The One Stop Social Shop
Social. Or How people waste their time in the 21st century.

I’d like to store my social wastage in 1 spot. Now, there are too many to name. Facebook, Twitter, Pinterest, Tumblr, Instagram, Linkedin, Myspace, Spotify, Flickr, SlideShare, Trip Advisor, ∞
I get it: you’d like us to share stuff. You’d like us to connect. Engage and forever stay connected.
But my social user behaviour has completely shifted. Instead of ‘Wasting my time’ on social media – stalking my boyfriend’s ex-girlfriend’s profile (I would never!), scrolling through pages of useless news feeds and ‘Liking’ a random’s brainfarts, I have started using social media differently. I made it a tool to make my life easier. Do the things I would have done in the pre-digital world – but more efficiently.

FACEBOOK – banter
TWITTER – reading paper headlines.
PINTEREST – scrapbooking.
MYSPACE – radio.
INSTAGRAM – storing photos
LINKEDIN – networking

Admittedly, social is fun. But here is a question. Why is not one provider giving me all of these services – and more? Where is my One Stop Social Shop? Why is no-one doing it?
I am sick of setting up new accounts, making up new passwords. And I am sure I’m not the only one. I have a slight form of FOMO, so I will continue to sign up to interesting new services, it’s just a bit of a pain. And it’s not just social media, it’s online shopping too. I want the whole package in one. Charles the Great wasn’t great because he thought France would be enough. And you, social media service, should strive to be great.
So here the plan. You give me a turnkey solution. ‘A’, as in; 1, not 20 different platforms.

SOCIAL – share with friends
Profile/ Blog/ Wall/ Friends/ Friends News Feed/ Life Chat/ Food/ Travel advisor/ Birthday calendar/ Social gaming/ events

PERSONAL – keep track of your interests
Notes/ Document storage/ Vault/ Library (RSS reader & Books)/ Search/ Video/ Music/ Calendar/ Job listing/ email/ Gaming/ Professional networking/ Likes

A lot of these services are provided by Google (YouTube, Gmail, Reader, Google+, Search, News, Drive), I only wish it was more integrated.

COMMERCE – stay in touch with your favourite brands
Brand pages/ One ecommerce site or apps/ Product reviews/ NFC or check-ins/ Forums/ Brand news feeds
I feel Facebook should keep the brand and friend feed separate. It would feel so much less spammy if I voluntarily enter my Facebook Commerce page and interact with brands when I feel like it. At the moment it’s all a bit messy and I am constantly inclined to hide brand posts. And I still prefer a website over a Facebook page for purchasing purposes. But that could change.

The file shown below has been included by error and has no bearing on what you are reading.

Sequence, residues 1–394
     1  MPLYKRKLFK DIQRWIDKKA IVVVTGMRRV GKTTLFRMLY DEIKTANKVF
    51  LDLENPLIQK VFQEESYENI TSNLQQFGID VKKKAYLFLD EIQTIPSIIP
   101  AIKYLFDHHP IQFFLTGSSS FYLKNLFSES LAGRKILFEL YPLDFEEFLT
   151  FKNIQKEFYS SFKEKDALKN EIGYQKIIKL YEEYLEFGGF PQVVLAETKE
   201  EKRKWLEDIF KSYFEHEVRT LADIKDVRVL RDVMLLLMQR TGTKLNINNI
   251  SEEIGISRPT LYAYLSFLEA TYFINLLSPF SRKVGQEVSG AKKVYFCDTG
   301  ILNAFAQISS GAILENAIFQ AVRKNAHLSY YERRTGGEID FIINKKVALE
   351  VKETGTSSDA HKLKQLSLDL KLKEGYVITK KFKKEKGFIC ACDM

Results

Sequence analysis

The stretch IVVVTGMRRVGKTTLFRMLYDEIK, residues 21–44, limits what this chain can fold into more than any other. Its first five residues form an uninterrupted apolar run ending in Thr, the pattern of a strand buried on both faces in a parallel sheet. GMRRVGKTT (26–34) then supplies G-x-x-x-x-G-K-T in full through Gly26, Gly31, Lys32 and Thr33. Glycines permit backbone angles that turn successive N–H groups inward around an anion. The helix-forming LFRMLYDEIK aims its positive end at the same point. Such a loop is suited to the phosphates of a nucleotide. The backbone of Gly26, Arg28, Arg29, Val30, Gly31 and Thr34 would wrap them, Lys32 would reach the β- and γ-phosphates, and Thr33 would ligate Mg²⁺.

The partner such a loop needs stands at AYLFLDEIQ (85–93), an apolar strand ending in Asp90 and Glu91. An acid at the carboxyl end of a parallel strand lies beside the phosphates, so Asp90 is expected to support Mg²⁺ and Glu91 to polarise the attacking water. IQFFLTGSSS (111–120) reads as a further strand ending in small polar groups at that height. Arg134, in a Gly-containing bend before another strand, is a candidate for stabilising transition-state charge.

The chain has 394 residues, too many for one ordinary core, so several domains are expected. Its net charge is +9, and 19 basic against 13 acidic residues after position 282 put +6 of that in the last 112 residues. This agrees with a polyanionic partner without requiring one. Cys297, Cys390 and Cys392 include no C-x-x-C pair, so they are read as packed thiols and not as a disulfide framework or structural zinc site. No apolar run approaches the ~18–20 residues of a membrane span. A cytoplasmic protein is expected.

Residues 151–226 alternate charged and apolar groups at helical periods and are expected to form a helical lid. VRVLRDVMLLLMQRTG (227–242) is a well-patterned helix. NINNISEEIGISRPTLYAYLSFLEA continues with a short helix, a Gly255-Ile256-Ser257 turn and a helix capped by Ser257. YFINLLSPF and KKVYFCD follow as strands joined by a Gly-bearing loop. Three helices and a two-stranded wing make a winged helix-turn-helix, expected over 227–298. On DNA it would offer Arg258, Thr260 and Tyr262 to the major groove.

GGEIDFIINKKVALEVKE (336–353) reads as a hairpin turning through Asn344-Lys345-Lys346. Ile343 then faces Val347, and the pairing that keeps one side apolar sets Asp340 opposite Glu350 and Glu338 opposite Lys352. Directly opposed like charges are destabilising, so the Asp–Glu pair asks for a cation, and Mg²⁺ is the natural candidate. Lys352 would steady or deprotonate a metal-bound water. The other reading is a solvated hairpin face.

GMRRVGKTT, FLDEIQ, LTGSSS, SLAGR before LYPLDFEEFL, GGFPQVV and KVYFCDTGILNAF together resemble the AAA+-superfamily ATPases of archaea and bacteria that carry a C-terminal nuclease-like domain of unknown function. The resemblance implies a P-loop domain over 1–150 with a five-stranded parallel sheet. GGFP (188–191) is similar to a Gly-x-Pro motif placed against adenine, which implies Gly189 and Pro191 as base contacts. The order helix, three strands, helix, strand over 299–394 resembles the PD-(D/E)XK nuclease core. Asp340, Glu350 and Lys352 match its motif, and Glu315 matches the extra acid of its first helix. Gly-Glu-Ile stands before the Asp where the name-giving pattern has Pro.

F-commerce is slowly being accepted in people’s minds, but now also Twitter-integrated payment systems to buy and sell via a simple Tweet reply are emerging. A couple of the T-commerce providers are: Chirpify, Plu$tter and BuyReply.

To see the Tweet-a-Beer app at SXSW, click here

The online world has become highly intrusive and can easily overcomplicate our daily lives. We benefit and suffer from it. There is no escaping, no standing still. We’re Always On (AO).

I would just like to recycle my social waste, that’s all I ask for.

Picture: Mashable


  1. Unfortunately, it seems that social platforms, aren’t as democratically “social” as one might hope … It would be nice if there was a singular “Flipbook” style app that aggregated all discussion and commentary, but I guess that various social channels wouldn’t want to play nice with regards to open access and aggregation .. Each preferring to try and monopolise the traffic and the conversation .. Trillian managed to do it for chat .. What about a bit of liberte’ egalite’, fraternite’ for social ?

  2. Nice article Kim 🙂

    I completely agree with you on the subject of there being too many decentralized points of social online interaction. I think the key points for such an application would be:

    – Easy to customize
    – Light and functional feel about it with minimum clutter
    – Heavy users should be able to be to create an extended profile out of it should they desire this.

    Perhaps this is a product Deepend can develop in not too distant future 😉

  3. Great article Kim. I have been asking myself the same question for about a year now. Well, a similar question at least. I love LinkedIn. I have a love/hate (mostly hate these days) relationship with Facebook. I can’t embrace Twitter. I find Instagram confusing. And I hear Justin Timberlake is trying to bring MySpace back but quite frankly I don’t know what for…